High emotion contributes to great opera. It does not, however, serve us well when making judgments about others. This is the argument advanced in “Feeling and Believing: The Influence of Emotion on Trust,” a new paper by Maurice E. Schweitzer, Wharton professor of operations and information management, and Jennifer Dunn, a PhD student in the department.
The two researchers conducted five experiments to determine the influence of emotional states — happiness, gratitude, anger, and guilt — on trust. Each experiment confirmed that incidental emotions (emotions from one situation that influence judgment in a following, unrelated situation) affect how willing we are to trust others. For example, our anger over a speeding ticket is likely to affect how we judge someone later in the day. The researchers conclude that despite feeling we are rational beings who make clear, lucid judgments, in reality we all walk around in a sea of emotions that are likely to influence how we act in both business and social contexts.
The article, recently published in the Journal of Personality and Social Psychology, stems from Schweitzer’s ongoing interest in negotiation, where trust plays a critical role. Previous research identified trust as a combination of two constructs: one’s own propensity to trust and one’s knowledge about the other person. “This research suggests that we make a cognitive decision and use reason to decide whether or not to trust someone,” notes Schweitzer. “What our research says is that trust is much more labile than that.” In other words, trust is a constructed judgment that is influenced by irrelevant information. “The extent to which I do or do not trust you is a function not only of how trusting a person I am and what I know about you, but also a function of irrelevant events that have influenced my emotional state. For example, if I hit a parked car, argued with my spouse, learned that I have to pay a large repair bill (or won an award, had a paper accepted, or saw my stock account grow) beforehand, I would trust you less (or more). The main idea in the paper is that emotions which are irrelevant to the judgment task nevertheless influence trust judgments in predictable ways,” Schweitzer says.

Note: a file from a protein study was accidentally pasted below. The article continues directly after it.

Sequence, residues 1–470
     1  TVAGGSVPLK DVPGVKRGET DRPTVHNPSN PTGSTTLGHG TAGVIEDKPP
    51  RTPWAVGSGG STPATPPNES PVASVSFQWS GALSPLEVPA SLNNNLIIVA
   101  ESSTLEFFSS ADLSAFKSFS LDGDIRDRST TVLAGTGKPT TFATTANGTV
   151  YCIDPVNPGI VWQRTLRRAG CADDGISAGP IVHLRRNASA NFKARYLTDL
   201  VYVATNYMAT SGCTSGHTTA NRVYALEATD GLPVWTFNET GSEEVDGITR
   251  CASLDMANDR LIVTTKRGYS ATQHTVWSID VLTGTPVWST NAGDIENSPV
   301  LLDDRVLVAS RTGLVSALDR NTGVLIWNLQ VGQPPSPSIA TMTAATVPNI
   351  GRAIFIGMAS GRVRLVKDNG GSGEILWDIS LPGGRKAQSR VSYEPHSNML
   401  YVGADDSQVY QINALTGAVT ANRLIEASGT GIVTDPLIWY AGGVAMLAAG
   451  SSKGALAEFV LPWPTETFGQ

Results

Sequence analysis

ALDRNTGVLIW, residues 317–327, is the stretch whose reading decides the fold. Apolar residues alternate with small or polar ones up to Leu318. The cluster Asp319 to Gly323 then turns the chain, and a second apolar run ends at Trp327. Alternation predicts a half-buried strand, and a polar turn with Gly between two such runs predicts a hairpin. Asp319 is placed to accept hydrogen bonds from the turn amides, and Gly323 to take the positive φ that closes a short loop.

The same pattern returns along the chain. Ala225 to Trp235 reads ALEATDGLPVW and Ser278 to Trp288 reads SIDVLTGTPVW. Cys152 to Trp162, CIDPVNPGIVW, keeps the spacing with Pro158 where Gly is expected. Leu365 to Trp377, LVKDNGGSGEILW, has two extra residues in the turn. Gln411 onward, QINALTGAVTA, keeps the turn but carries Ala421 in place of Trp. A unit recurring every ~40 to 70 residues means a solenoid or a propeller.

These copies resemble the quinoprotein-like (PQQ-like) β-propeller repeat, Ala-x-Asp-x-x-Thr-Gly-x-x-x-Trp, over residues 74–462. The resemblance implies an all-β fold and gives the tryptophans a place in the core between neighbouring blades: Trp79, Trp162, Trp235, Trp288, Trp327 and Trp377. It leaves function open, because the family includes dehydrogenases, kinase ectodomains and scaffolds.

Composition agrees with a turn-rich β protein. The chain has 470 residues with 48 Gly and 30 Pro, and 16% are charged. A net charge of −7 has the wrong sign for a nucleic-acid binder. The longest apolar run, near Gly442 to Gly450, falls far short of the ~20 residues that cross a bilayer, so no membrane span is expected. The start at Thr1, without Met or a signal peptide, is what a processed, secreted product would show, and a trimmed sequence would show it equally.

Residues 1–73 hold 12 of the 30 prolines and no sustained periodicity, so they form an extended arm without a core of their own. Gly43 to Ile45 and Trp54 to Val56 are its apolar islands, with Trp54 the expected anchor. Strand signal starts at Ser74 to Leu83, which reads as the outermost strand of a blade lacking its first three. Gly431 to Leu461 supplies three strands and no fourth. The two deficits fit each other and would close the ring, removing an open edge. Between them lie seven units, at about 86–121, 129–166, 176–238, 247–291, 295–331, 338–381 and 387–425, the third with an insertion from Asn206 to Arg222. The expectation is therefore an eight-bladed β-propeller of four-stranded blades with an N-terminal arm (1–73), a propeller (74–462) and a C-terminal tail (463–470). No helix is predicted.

He and Dunn demonstrated this through a series of experiments, each one designed to test a different aspect of the “emotions affect trust” theory. In one study, for example, he and his team approached people waiting for trains and asked if they would be willing to take part in a study. They were asked to name a co-worker and then — after an “emotion induction” phase — answer a series of questions about that person. In the “emotion induction” phase, participants recounted in writing an incident that made them angry, sad, or happy (depending on which emotion they were assigned). Participants wrote about events like the birth of a child (happiness), the untimely death of a loved one (sadness), or the destructive behavior of a neighbor (anger). After this exercise, participants rated their co-workers on such statements as: “If X promised to copy a presentation for me, s/he would follow through,” and “X would never intentionally misrepresent my point of view to others.” Results showed that happy participants were significantly more trusting than were sad participants, and sad participants were significantly more trusting than were angry participants. Throughout each of the five studies, the results were the same. “What surprised me most was the magnitude and consistency of the effects,” says Schweitzer.